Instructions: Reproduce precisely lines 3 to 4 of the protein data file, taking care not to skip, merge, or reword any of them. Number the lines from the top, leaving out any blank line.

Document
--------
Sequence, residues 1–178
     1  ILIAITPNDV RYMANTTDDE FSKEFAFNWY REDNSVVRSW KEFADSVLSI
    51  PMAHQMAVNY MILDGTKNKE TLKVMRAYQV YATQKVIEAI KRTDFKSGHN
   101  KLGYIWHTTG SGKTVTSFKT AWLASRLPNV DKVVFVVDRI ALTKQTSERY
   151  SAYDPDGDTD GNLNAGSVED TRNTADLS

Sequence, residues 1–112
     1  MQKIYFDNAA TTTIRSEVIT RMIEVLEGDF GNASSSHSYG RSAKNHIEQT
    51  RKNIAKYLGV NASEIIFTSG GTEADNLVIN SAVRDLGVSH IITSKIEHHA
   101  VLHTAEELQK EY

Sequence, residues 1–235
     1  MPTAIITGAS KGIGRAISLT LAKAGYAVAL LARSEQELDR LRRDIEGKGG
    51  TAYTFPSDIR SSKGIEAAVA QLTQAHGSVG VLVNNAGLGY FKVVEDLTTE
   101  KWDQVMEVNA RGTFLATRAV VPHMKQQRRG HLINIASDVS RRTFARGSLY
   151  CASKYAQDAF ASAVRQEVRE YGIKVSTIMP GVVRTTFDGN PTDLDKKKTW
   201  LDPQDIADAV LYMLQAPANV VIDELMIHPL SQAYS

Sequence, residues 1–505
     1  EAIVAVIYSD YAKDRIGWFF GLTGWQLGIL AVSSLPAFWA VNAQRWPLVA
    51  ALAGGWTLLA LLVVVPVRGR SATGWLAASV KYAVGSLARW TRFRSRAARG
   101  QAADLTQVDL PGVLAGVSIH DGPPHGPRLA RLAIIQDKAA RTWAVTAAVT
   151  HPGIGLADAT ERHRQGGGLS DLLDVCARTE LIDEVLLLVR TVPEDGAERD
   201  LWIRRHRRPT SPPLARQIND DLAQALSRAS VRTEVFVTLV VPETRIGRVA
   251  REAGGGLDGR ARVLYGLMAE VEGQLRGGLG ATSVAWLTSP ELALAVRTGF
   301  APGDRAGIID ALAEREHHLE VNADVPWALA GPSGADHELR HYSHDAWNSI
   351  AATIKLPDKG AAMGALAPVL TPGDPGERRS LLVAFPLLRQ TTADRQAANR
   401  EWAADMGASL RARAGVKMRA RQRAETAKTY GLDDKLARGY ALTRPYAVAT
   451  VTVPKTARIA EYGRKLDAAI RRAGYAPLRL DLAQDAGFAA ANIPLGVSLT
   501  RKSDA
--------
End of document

    51  PMAHQMAVNY MILDGTKNKE TLKVMRAYQV YATQKVIEAI KRTDFKSGHN
   101  KLGYIWHTTG SGKTVTSFKT AWLASRLPNV DKVVFVVDRI ALTKQTSERY